Normally, I tend to think that most regulations are bad. In a free market, businesses should be allowed to operate with a wide degree of latitude. At the same time there is a pragmatic part of me that understands there can be exceptions to this. Everyone should have the right to free speech, but that doesn’t make it right to run cigarette ads on Saturday morning cartoons or to claim that you’re a Doctor when you only bought your degree from an Internet spammer.
For the most part, the television world has been forced to accept reasonable restrictions in exchange for the public bandwidth they use to deliver their content. In the Internet world though, the content rules are more like the old west because consumers are opting into the service by paying for it. As long as you have the quickest draw, your behavior doesn’t matter as much and so far companies like Netflix have been more concerned about digital market share, then doing what’s right.
Maybe it’s because internet audiences are still small compared to television or it could be that it takes time for rules and standards to develop and emerging markets don’t tend to care about these things. Whatever the reason though, there are parts of the television experience that aren’t making the jump to the internet.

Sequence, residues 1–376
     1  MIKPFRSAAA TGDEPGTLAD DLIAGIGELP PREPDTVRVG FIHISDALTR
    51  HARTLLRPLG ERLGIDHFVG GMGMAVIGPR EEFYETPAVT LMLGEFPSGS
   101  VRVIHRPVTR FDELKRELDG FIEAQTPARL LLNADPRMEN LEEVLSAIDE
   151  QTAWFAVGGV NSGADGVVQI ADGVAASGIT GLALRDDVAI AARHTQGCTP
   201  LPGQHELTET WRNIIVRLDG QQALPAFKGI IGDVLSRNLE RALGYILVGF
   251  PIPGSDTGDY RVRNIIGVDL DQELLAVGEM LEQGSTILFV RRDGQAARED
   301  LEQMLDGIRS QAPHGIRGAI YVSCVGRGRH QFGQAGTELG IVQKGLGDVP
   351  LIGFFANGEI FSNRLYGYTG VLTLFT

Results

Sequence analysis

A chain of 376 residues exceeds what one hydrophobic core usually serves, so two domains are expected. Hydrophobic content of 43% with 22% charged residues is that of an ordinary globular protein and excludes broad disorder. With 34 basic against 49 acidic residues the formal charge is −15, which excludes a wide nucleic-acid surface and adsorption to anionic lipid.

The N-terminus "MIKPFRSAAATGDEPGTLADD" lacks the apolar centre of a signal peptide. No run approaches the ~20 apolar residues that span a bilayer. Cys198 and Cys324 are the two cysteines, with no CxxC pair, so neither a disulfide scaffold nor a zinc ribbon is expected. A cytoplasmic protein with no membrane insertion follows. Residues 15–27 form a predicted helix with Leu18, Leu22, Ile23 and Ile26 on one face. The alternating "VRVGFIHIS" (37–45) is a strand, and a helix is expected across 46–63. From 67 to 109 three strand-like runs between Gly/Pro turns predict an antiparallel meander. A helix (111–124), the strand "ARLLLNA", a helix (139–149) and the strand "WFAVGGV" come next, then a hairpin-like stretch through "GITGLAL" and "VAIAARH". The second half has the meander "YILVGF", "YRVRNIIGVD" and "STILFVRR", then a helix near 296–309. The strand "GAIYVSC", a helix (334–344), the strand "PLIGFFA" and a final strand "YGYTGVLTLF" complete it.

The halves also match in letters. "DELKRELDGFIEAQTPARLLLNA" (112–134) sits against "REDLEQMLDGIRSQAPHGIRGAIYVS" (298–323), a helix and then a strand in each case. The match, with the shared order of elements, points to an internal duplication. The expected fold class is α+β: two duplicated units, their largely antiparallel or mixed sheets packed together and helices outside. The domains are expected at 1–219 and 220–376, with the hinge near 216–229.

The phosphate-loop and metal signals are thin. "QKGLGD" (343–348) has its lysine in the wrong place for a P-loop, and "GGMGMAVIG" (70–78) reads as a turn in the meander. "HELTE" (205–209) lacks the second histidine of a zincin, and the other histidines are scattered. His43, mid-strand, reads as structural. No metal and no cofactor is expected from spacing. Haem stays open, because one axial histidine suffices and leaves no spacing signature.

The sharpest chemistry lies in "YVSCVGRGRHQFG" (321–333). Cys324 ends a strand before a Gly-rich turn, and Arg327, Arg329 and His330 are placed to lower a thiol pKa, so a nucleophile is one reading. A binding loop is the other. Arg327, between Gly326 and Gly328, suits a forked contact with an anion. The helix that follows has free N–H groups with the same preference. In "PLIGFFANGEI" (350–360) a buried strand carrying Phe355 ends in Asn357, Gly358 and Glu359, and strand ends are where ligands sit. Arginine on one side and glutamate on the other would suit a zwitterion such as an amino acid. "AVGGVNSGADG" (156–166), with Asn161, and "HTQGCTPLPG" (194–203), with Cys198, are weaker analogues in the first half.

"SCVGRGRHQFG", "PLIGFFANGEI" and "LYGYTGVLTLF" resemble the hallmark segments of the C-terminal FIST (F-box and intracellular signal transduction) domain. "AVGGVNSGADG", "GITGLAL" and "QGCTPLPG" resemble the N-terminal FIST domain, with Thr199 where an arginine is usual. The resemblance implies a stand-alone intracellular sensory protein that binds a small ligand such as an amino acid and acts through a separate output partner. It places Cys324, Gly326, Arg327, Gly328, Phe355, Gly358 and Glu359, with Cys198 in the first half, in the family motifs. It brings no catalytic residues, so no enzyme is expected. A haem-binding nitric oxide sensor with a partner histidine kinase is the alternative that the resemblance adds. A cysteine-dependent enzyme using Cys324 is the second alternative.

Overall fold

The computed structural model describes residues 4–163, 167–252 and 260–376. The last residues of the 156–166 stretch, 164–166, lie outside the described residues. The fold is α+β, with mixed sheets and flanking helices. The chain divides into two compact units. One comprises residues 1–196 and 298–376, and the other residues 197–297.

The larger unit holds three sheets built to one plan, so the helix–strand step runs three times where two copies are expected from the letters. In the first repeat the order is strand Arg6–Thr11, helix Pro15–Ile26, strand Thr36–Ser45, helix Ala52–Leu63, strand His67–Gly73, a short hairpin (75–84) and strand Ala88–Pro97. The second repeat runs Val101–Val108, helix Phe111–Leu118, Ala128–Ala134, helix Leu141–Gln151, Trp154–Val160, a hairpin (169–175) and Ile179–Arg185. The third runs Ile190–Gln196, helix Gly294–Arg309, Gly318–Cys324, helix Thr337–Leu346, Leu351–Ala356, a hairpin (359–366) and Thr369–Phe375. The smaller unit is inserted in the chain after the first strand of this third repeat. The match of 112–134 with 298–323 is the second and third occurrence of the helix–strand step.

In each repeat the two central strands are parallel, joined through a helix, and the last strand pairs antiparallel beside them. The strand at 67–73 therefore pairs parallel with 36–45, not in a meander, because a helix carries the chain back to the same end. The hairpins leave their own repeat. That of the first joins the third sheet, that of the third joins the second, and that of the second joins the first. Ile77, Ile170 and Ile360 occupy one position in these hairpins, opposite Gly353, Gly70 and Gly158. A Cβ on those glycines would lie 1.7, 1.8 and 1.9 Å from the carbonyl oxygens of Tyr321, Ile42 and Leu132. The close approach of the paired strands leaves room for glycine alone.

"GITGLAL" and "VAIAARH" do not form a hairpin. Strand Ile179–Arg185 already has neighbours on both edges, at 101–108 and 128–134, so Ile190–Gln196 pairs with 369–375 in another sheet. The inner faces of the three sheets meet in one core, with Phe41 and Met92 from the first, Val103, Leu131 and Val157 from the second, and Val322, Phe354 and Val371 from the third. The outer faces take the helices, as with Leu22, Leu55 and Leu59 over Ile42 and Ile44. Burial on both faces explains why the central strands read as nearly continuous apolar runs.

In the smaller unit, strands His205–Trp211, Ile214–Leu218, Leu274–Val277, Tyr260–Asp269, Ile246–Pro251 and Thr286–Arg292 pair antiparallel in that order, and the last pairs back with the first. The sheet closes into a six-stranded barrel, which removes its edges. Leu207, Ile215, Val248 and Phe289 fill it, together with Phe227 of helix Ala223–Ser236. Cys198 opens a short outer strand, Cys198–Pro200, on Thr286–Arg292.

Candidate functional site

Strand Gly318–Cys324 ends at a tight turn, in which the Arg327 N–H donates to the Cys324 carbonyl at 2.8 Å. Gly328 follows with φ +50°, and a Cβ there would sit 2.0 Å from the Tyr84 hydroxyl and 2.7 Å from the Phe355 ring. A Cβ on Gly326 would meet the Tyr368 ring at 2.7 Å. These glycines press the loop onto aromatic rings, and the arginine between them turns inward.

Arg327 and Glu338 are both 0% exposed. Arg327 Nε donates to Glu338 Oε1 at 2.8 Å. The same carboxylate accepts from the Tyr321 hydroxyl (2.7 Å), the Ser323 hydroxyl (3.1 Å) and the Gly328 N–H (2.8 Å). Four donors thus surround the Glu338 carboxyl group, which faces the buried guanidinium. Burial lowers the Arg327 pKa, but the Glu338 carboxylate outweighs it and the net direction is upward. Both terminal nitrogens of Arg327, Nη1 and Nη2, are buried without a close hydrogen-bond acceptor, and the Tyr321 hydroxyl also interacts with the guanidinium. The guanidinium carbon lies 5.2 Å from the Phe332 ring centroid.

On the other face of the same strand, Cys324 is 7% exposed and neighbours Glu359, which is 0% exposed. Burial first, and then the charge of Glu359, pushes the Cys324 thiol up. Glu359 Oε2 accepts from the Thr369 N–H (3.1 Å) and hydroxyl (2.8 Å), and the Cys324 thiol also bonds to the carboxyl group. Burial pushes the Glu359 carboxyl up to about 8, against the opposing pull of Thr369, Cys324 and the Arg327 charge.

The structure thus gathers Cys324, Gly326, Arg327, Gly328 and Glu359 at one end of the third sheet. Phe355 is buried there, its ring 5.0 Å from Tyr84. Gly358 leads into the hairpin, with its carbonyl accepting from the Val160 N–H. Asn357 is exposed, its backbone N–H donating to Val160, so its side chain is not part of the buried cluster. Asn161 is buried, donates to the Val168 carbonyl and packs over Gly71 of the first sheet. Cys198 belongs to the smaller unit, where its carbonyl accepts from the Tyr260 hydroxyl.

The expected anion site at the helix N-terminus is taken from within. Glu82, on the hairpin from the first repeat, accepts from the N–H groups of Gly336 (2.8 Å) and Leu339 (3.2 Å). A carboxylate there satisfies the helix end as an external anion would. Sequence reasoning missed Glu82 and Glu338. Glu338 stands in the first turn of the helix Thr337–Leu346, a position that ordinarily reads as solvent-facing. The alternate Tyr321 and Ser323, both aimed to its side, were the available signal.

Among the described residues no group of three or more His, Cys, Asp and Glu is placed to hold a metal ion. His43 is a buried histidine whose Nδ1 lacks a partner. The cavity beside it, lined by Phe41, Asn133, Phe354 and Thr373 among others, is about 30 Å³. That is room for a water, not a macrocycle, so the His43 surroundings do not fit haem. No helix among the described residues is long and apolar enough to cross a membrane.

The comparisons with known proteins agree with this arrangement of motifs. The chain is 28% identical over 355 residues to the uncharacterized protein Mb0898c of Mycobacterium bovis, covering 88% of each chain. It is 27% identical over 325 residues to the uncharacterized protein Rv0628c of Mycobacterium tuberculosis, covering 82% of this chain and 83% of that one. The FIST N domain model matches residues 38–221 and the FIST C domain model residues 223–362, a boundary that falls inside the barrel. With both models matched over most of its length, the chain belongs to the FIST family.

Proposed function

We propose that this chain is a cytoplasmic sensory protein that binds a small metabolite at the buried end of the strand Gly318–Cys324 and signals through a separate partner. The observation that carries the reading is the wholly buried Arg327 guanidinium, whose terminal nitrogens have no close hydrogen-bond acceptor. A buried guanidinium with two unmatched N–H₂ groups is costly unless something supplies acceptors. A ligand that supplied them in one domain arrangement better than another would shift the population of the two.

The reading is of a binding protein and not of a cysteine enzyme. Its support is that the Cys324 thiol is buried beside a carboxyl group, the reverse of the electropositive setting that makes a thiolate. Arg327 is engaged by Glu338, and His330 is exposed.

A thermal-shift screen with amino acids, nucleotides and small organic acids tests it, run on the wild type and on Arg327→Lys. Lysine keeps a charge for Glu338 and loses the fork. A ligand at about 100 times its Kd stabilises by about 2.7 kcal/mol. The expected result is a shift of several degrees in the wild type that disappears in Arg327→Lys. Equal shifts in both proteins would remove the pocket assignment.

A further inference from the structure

Specifically, I’m talking about closed caption data. For years, television studios have been legally required to provide this information, so that people who are hard of hearing can also enjoy the content. While there are some technical issues associated with adding this kind of data to a video file, technology is at a point where you’d think it should easily support this. The Matroska container for example, is able to include optional sub-title information along with video and audio data. Alternatively, because online delivery can microstream to people, files with the embedded sub-titles could made available to viewers who opted into them. This would involve keeping multiple copies of the same movies though and so far the digital movie industry hasn’t wanted to bear this cost.